AP

Cops: Ex-grad student suspected in Arizona professor killing

Oct 5, 2022, 9:54 PM | Updated: Oct 6, 2022, 6:15 pm

University of Arizona Police escort students from the scene of a shooting at the John W. Harshbarge...

University of Arizona Police escort students from the scene of a shooting at the John W. Harshbarger Building on the University of Arizona campus in Tucson, Ariz., on Wednesday, Oct. 5, 2022. University of Arizona police say one person was shot and wounded on campus and authorities are searching for the suspect. (Rebecca Sasnett/Arizona Daily Star via AP)

(Rebecca Sasnett/Arizona Daily Star via AP)

TUCSON, Ariz. (AP) — A University of Arizona professor who authorities say was fatally shot on campus by a former graduate student was an expert on desert water issues who faculty and former students described as a kind and brilliant colleague.

School officials identified Thomas Meixner, who had headed the school’s Department of Hydrology and Atmospheric Sciences, as the victim in Wednesday afternoon’s shooting.

“This incident is a deep shock to our community, and it is a tragedy,” University President Robert Robbins said in a statement late Wednesday. “I have no words that can undo it, but I grieve with you for the loss, and I am pained especially for Tom’s family members, colleagues and students.”

Police said Meixner was shot inside the Harshbarger Building, which houses the hydrology department. He was taken to a hospital, where he was pronounced dead.

A few hours after the shooting, state troopers stopped a former graduate student, 46-year-old Murad Dervish, in a van about 120 miles (193 kilometers) northwest of the Tucson campus, university Police Chief Paula Balafas said during a news conference.

Dervish was being held at the Pima County jail awaiting his initial court appearance. It wasn’t immediately clear what charges he might be face or whether he has a lawyer yet who could speak on his behalf.

According to campus police, a female called 911 at around 2 p.m. Wednesday asking for police to escort a former student out of the Harshbarger Building. Balafas said someone recognized Dervish “and knew that he was not allowed inside the building,” although Balafas didn’t explain why.

Officers were on their way to the building when they received reports that a man shot and wounded someone before fleeing, Balafas said.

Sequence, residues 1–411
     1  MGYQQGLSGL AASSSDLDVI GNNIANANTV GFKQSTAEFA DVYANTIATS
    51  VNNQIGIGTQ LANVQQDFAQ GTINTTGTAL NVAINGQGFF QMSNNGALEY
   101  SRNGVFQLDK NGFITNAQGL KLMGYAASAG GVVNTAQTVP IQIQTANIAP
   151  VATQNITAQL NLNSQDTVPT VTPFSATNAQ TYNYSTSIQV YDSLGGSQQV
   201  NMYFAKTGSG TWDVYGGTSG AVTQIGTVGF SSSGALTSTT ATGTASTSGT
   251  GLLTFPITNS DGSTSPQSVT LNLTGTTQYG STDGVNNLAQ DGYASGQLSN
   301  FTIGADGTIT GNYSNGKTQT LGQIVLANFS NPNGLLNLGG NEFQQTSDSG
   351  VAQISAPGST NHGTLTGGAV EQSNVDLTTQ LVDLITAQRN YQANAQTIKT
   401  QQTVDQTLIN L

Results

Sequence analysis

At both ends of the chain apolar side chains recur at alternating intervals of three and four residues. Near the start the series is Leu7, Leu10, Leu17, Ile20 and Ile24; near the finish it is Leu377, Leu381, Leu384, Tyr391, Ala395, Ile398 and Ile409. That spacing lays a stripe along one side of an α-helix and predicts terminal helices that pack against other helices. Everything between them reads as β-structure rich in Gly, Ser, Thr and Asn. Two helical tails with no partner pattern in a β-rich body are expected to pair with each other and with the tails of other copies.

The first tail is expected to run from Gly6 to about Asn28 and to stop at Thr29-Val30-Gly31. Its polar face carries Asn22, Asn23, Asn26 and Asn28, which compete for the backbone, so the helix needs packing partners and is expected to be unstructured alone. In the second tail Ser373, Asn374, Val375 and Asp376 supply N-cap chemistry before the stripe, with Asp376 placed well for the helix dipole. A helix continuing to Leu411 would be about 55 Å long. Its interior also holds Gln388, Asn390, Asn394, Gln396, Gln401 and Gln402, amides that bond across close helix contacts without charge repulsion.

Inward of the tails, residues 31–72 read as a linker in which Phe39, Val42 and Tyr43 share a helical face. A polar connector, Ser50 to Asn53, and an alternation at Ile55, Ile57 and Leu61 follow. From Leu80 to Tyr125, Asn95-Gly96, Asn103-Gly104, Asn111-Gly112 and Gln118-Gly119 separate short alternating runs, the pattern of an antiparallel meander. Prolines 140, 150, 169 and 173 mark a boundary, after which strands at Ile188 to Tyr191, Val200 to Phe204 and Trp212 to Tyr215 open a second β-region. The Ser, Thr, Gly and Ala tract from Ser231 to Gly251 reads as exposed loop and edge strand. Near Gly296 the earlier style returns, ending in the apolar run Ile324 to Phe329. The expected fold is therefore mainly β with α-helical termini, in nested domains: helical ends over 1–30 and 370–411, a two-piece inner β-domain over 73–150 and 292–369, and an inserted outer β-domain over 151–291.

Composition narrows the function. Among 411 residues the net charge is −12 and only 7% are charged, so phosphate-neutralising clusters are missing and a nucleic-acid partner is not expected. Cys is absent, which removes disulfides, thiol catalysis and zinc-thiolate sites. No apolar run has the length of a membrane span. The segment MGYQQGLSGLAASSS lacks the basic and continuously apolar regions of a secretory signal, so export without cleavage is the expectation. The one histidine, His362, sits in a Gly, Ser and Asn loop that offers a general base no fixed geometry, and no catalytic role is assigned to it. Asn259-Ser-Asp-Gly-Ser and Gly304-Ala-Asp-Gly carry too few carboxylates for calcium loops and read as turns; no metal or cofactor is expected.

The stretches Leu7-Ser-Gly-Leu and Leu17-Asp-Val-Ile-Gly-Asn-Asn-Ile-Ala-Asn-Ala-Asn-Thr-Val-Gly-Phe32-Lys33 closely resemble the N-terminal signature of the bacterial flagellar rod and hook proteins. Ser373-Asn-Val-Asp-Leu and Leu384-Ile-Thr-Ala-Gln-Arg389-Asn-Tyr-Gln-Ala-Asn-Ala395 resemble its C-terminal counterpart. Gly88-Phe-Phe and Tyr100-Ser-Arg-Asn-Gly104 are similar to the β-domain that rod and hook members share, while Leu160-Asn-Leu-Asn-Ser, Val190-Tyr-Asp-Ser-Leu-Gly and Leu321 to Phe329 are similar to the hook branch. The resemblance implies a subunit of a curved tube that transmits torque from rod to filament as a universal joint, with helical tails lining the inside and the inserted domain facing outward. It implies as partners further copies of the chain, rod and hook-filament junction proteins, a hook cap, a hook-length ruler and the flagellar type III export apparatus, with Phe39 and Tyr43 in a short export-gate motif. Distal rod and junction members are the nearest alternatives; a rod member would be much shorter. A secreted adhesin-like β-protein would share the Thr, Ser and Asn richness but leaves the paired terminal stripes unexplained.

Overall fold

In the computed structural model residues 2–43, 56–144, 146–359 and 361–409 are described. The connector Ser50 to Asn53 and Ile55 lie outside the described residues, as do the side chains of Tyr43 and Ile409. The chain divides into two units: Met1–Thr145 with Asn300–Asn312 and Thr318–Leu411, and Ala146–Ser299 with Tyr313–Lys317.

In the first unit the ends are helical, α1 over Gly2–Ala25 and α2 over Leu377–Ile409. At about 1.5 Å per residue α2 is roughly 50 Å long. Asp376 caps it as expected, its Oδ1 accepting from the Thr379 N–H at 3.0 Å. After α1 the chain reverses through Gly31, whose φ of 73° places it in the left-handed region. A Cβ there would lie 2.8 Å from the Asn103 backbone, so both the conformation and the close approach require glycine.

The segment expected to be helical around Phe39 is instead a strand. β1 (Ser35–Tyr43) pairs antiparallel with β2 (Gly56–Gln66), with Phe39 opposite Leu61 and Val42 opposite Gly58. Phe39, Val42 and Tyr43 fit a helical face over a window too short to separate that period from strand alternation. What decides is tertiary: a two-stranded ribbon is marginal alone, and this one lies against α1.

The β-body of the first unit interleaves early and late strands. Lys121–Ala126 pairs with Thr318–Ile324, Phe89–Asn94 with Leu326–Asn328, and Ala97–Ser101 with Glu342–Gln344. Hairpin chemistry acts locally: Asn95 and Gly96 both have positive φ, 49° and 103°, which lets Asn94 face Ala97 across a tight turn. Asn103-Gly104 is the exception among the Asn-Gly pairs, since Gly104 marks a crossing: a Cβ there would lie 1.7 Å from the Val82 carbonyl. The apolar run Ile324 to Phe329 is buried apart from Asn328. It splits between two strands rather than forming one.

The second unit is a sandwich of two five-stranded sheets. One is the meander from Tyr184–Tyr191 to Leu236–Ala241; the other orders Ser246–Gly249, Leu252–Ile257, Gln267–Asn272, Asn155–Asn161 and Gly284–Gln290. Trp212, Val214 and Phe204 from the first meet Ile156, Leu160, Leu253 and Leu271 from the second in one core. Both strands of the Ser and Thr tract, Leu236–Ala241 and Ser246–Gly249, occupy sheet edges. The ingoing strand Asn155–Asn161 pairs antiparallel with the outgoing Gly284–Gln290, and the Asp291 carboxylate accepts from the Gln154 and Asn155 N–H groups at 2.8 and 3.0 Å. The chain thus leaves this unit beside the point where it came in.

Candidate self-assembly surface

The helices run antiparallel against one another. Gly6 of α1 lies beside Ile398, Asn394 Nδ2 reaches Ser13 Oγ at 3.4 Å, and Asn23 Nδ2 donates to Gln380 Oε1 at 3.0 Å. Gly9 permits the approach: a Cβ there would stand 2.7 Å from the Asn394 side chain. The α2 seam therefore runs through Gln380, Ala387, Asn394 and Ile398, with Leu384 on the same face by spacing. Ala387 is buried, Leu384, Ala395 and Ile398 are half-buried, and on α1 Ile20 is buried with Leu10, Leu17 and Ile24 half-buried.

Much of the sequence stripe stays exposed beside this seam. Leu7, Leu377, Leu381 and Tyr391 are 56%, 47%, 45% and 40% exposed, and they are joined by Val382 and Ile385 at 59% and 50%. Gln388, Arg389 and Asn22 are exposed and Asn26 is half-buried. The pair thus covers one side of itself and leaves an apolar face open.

The building is near the university bookstore and student union, and campus alerts instructed people to avoid the area, which was under lockdown.

Classes, activities and other campus events were canceled for the rest of the day. Classes resumed on Thursday, but Balafas said the building where the shooting happened might remain closed.

When asked how well Dervish and Meixner knew one another, Balafas said she didn’t know.

Dervish did have previous interactions with the University of Arizona police, according to Sgt. Sean Shields. But he declined to say how many and when they happened.

Meixner earned a doctorate in hydrology and water resources from the university in 1999 and joined the faculty in 2005 before becoming the department head in 2019. He was considered an expert on desert water issues.

Various faculty members and former students took to social media to praise Meixner.

Karletta Chief, director of the university’s Indigenous Resilience Center, said she met Meixner when she was a graduate student in 2001 and he was new to the faculty. While she was not one of his students, her research in hydrology led to frequent collaborations. The last time she saw Meixner, who was a big supporter of Native American and indigenous communities researching water issues, was a week ago at a seminar his department co-sponsored.

Chief said she emailed Meixner and several others in the hydrology department after the shooting, and that she was devastated to learn he was the one who had been shot.

“It’s just unimaginable that anybody would have any direct anger toward him. He was completely the opposite of that. He was just so kind and positive and always wanting to help,” said Chief, who noted that Meixner never mentioned to her if there had been any trouble with a current or former student.

Meixner was also generous outside of campus, Chief said. He once gave money for a marathon that she ran to benefit the Lymphoma Society.

“He shared that he was thankful for me doing this run and he was a cancer survivor,” she said.

It was 20 years ago this month that a disgruntled University of Arizona nursing student shot and killed three nursing professors before taking his own life.

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Cops: Ex-grad student suspected in Arizona professor killing